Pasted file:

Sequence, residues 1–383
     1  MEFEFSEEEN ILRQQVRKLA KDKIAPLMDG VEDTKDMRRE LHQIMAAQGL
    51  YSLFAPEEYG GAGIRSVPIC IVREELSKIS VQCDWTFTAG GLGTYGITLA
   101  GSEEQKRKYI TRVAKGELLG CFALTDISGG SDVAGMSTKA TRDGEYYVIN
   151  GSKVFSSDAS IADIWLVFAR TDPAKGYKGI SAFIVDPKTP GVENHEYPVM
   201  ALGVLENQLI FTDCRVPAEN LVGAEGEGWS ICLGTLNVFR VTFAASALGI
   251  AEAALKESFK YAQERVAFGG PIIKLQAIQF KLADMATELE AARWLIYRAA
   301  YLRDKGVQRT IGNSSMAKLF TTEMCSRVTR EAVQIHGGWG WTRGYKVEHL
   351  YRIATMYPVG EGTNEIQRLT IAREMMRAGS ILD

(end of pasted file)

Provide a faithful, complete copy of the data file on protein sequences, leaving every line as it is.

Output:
Sequence, residues 1–383
     1  MEFEFSEEEN ILRQQVRKLA KDKIAPLMDG VEDTKDMRRE LHQIMAAQGL
    51  YSLFAPEEYG GAGIRSVPIC IVREELSKIS VQCDWTFTAG GLGTYGITLA
   101  GSEEQKRKYI TRVAKGELLG CFALTDISGG SDVAGMSTKA TRDGEYYVIN
   151  GSKVFSSDAS IADIWLVFAR TDPAKGYKGI SAFIVDPKTP GVENHEYPVM
   201  ALGVLENQLI FTDCRVPAEN LVGAEGEGWS ICLGTLNVFR VTFAASALGI
   251  AEAALKESFK YAQERVAFGG PIIKLQAIQF KLADMATELE AARWLIYRAA
   301  YLRDKGVQRT IGNSSMAKLF TTEMCSRVTR EAVQIHGGWG WTRGYKVEHL
   351  YRIATMYPVG EGTNEIQRLT IAREMMRAGS ILD